Your Change is About You

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We all need to change at points in our lives. Some changes are more urgent than others.

I work with a lot of individuals that realize their health and well-being are suffering because of choices they have made and they need to make some changes, They may even have reached a point on their own where they have developed a plan of action. They often become stuck at this point though and have a difficult time moving forward.

Some of the more common roadblocks are fear (of failure and success) and feelings of being unworthy of the positive outcome. Often, “it’s too hard” comes up but that’s really just an expression of lack of confidence. The self-imposed obstacle that will most quickly bring about a challenge from me, however, is “It’s too late for me to change.” I’m learning this argument is often raised when there is another person involved. Sometimes people are afraid that their change will alienate their spouse or partner and make them feel left behind. Others feel they need and don’t have their full support.

If you have a spouse or partner that isn’t as supportive as you’d like, here are a few pointers:

  • Clearly explain how the change you’re pursuing will make your life better. Convey how that will positively impact the relationship too.
  • Explain that you’d really like their support and how they can best provide it.
  • Invite them to join you to make the change together, if it makes sense. If they want to join you, great, but you’re not expecting or demanding any change of them.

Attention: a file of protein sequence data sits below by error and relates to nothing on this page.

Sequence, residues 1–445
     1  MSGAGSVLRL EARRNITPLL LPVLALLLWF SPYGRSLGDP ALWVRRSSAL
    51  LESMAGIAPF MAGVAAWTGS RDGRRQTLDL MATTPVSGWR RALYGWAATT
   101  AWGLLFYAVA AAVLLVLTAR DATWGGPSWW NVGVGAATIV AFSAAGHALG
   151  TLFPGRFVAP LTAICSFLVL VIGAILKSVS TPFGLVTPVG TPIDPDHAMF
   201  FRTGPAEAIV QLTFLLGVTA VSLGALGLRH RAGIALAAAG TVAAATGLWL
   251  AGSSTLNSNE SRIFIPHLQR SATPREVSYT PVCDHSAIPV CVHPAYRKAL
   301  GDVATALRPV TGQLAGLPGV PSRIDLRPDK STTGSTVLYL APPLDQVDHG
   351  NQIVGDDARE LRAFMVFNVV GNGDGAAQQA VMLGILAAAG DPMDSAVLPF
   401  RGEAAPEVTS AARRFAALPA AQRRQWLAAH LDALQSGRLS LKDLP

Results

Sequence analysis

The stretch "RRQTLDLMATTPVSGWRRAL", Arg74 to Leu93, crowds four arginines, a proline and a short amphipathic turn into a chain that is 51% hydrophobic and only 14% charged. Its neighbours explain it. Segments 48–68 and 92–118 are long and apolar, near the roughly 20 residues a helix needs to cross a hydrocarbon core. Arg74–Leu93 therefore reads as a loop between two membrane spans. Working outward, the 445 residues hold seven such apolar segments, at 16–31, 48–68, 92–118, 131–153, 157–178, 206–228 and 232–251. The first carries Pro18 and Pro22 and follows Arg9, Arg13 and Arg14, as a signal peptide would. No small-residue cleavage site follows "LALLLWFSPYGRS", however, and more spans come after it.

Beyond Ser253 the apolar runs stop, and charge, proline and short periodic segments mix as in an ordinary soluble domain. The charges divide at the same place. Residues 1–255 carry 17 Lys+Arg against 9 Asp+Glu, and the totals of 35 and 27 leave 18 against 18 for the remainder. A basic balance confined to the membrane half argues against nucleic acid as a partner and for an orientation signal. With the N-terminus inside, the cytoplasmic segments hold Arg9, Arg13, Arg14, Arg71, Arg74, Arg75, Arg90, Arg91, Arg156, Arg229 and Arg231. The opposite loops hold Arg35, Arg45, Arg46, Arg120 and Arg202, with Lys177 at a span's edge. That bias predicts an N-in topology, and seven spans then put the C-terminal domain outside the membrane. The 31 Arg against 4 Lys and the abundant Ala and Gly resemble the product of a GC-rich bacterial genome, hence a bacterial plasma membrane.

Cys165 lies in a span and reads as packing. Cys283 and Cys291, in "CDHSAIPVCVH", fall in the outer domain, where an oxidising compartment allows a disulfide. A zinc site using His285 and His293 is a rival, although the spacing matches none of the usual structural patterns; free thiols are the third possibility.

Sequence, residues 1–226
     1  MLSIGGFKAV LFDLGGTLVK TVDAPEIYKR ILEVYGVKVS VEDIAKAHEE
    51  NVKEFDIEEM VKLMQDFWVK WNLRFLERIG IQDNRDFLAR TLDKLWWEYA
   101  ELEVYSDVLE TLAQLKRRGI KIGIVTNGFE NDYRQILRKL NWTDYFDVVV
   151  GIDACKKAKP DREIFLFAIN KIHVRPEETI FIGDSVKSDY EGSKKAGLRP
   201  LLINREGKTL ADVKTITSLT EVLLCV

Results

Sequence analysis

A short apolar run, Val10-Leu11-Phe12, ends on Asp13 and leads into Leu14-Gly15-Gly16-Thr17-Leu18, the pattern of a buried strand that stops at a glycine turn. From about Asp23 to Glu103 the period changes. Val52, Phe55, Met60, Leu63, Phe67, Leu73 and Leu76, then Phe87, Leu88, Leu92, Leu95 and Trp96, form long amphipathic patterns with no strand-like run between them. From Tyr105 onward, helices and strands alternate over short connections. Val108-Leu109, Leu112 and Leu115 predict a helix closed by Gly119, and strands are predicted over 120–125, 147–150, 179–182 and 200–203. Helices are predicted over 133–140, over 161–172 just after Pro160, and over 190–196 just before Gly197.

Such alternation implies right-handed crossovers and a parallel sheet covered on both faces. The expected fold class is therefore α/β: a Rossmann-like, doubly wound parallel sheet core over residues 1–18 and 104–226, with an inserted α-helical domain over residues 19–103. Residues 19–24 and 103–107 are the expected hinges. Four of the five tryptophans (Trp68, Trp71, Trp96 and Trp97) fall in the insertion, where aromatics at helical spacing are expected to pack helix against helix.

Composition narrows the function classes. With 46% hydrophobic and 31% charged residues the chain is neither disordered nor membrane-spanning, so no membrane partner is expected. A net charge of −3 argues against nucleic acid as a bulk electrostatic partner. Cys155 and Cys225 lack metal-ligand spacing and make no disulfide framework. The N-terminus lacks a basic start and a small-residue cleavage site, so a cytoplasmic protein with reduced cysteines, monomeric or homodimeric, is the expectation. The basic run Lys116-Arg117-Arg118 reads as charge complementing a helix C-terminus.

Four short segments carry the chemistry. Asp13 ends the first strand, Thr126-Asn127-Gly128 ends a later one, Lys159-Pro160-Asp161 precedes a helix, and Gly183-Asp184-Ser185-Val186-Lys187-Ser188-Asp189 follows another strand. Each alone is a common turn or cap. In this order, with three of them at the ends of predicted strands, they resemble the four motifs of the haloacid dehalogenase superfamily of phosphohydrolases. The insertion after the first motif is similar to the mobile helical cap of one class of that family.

• Involve them as much as possible if they’re not participating with you. For example, ask them to hold you accountable for your diet, workout, etc.
  • Celebrate small milestones and goals together.
  • If this is something for which they truly can’t provide their support, then acknowledge that but ask them to at least respect your desires and not detract from your efforts. Find someone that can provide support but make sure that this person isn’t someone your partner would find threatening.
  • Should your partner ever resort to sabotaging your efforts, then consider taking a serious look at the relationship.

The most obvious solution is to work on the change together. If you both smoke, quit together. If you both want to get in shape, workout and improve your diet together. Of course, you can’t force someone else to change. Trying that can cause a rift in the relationship. You also can’t make your success dependent on their level of participation. If you’re making a positive change for yourself, then you’re the only one that can be truly accountable for your success.

Photo credit: jef safi \ ‘pictosophizing / Foter.com / CC BY-NC-ND

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